Body scanner saved 35,000 'naked' images

Summary:Whether you're pro these scanners or not (and putting the potential health risks aside), the idea that images can be stored on them for later viewing is disturbing. If the mechanism is there to save an image, then it'll be used, and even if that mechanism doesn't exist, it's not hard to record an image that's displayed on a screen using a camera.

This is very shocking stuff:

At the heart of the controversy over "body scanners" is a promise: The images of our naked bodies will never be public. U.S. Marshals in a Florida Federal courthouse saved 35,000 images on their scanner. These are those images.

A Gizmodo investigation has revealed 100 of the photographs saved by the Gen 2 millimeter wave scanner from Brijot Imaging Systems, Inc., obtained by a FOIA request after it was recently revealed that U.S. Marshals operating the machine in the Orlando, Florida courthouse had improperly-perhaps illegally-saved images of the scans of public servants and private citizens.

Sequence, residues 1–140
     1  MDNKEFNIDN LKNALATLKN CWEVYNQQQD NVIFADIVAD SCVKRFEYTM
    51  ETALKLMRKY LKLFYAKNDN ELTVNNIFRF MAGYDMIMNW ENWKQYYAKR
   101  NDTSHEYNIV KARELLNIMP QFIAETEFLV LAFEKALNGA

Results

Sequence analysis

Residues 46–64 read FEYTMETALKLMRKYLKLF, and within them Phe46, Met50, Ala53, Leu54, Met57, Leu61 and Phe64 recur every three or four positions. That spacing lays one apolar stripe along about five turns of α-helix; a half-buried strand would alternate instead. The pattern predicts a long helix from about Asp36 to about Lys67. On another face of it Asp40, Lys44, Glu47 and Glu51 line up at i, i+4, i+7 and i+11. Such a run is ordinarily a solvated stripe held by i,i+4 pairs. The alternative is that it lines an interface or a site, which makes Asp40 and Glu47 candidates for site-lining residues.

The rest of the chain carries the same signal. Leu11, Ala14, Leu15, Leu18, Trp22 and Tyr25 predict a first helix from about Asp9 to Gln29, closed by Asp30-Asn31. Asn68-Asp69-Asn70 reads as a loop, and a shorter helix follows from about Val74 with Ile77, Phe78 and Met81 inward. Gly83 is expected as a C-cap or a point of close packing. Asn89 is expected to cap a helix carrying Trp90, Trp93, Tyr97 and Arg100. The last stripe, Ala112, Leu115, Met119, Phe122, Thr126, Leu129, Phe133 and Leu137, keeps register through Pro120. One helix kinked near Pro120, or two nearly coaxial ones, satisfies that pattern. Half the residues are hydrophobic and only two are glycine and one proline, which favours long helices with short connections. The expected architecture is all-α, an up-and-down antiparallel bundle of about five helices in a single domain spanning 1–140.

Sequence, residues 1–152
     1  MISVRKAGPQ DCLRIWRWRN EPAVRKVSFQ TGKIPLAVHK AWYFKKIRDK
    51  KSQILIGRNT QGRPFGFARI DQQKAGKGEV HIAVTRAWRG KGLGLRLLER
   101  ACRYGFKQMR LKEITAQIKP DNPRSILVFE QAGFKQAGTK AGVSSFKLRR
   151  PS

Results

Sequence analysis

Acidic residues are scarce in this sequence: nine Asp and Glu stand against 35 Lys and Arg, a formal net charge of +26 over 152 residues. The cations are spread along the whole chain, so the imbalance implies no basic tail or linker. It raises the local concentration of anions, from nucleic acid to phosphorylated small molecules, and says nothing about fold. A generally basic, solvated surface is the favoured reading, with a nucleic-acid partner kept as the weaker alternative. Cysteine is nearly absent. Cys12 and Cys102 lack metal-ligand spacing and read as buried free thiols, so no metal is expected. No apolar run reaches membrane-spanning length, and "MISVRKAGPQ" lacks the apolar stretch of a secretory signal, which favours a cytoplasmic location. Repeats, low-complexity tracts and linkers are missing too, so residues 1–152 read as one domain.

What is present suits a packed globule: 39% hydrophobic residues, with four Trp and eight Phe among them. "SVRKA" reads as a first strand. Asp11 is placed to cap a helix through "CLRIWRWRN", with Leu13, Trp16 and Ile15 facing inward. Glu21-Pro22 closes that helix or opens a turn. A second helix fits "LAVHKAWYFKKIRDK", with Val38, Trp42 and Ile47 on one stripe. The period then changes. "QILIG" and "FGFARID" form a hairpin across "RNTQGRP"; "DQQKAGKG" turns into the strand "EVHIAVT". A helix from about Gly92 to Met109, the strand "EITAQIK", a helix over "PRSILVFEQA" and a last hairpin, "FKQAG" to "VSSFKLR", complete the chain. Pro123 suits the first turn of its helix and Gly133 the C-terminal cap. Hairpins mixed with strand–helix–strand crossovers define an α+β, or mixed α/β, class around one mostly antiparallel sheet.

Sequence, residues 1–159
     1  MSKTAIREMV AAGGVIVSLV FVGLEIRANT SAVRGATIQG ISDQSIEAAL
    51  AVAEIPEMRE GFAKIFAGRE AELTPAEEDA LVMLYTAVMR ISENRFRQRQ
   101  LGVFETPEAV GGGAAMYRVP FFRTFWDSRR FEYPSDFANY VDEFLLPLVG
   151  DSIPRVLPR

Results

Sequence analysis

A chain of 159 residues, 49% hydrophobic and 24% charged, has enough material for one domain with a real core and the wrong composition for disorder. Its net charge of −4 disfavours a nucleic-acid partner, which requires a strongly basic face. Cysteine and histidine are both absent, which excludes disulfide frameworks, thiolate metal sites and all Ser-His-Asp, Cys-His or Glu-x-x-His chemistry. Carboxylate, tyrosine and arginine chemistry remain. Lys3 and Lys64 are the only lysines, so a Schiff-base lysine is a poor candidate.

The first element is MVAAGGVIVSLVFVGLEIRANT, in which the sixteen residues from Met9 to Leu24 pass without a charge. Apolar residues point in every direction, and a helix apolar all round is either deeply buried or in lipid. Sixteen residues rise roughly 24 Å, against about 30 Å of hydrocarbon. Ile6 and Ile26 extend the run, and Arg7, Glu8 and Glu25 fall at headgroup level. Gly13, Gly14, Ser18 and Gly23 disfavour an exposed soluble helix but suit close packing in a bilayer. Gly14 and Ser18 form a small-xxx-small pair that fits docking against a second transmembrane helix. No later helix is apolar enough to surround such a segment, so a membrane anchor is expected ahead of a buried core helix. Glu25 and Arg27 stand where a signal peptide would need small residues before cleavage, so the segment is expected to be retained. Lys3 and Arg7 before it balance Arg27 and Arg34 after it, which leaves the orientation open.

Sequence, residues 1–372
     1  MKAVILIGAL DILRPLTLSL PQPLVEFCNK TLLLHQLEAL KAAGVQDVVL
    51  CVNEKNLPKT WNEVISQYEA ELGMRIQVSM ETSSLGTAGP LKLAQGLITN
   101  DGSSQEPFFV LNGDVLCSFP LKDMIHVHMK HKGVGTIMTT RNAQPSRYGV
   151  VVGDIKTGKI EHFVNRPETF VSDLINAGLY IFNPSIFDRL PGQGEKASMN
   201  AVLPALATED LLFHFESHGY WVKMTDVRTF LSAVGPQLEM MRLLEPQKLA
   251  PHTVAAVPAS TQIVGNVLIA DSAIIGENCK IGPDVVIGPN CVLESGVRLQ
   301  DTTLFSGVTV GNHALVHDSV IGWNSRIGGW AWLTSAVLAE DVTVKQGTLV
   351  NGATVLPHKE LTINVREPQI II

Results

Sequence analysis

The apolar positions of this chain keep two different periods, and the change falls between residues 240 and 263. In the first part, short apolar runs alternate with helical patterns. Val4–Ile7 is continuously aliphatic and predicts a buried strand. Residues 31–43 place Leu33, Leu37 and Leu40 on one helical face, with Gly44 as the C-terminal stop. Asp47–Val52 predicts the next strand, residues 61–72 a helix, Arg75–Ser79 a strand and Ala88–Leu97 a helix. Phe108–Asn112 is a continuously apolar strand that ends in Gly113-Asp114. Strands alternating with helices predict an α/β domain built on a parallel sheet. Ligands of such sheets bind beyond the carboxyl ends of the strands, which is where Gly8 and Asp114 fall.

So much for not being able to store, print, transmit or save the image. If you believe that, you'll believe anything ... idiots.

Here's an example of the images stored:

Note: Notice in the above image how the scanner manages to scan the guy in the background - how much energy are these scanners giving off?

it's worth noting that the gen-2 millimeter wave scanner doesn't output as detailed an image of the human body as the scanners currently in used at airports. For comparison, the image below shows the sort of output from a typical airport scanner.

Whether you're pro these scanners or not (and putting the potential health risks aside), the idea that images can be stored on them for later viewing is disturbing. If the mechanism is there to save an image, then it'll be used, and even if that mechanism doesn't exist, it's not hard to record an image that's displayed on a screen using a camera.

Additional thoughts on the TSA's screening process on Lawgarithms by my colleague Denise Howell.

How happy are you to use these scanners? What about your significant other? Children?

Topics: Hardware

About

Adrian Kingsley-Hughes is an internationally published technology author who has devoted over a decade to helping users get the most from technology -- whether that be by learning to program, building a PC from a pile of parts, or helping them get the most from their new MP3 player or digital camera.Adrian has authored/co-authored technic... Full Bio

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